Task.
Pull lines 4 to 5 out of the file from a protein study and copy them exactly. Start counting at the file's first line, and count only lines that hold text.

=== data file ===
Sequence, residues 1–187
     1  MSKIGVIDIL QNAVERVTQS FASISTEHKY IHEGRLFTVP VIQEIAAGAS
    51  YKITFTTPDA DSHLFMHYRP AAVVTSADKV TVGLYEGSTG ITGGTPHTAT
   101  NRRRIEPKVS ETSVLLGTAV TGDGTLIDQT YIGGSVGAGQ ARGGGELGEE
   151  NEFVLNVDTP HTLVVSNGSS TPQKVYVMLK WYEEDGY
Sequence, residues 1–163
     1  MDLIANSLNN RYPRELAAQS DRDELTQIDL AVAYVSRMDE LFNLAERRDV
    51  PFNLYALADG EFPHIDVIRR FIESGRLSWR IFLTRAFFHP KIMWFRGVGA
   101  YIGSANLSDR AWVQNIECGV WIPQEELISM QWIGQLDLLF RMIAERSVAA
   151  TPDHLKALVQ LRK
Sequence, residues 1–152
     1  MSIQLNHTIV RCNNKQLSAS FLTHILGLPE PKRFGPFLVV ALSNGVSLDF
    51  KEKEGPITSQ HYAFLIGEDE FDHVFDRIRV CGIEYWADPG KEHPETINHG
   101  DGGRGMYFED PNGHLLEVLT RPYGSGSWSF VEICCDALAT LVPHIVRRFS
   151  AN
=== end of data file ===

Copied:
   101  NRRRIEPKVS ETSVLLGTAV TGDGTLIDQT YIGGSVGAGQ ARGGGELGEE
   151  NEFVLNVDTP HTLVVSNGSS TPQKVYVMLK WYEEDGY